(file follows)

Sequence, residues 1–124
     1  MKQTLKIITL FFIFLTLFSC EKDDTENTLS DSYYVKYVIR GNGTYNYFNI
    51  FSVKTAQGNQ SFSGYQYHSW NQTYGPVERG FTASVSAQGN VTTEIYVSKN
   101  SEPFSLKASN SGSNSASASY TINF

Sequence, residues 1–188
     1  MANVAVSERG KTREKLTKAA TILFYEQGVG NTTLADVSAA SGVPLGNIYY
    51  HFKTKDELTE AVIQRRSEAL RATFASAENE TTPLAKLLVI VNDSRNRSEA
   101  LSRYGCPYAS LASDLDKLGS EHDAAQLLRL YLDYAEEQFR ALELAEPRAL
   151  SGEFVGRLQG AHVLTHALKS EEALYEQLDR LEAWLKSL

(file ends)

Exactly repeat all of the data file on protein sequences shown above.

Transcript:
Sequence, residues 1–124
     1  MKQTLKIITL FFIFLTLFSC EKDDTENTLS DSYYVKYVIR GNGTYNYFNI
    51  FSVKTAQGNQ SFSGYQYHSW NQTYGPVERG FTASVSAQGN VTTEIYVSKN
   101  SEPFSLKASN SGSNSASASY TINF

Sequence, residues 1–188
     1  MANVAVSERG KTREKLTKAA TILFYEQGVG NTTLADVSAA SGVPLGNIYY
    51  HFKTKDELTE AVIQRRSEAL RATFASAENE TTPLAKLLVI VNDSRNRSEA
   101  LSRYGCPYAS LASDLDKLGS EHDAAQLLRL YLDYAEEQFR ALELAEPRAL
   151  SGEFVGRLQG AHVLTHALKS EEALYEQLDR LEAWLKSL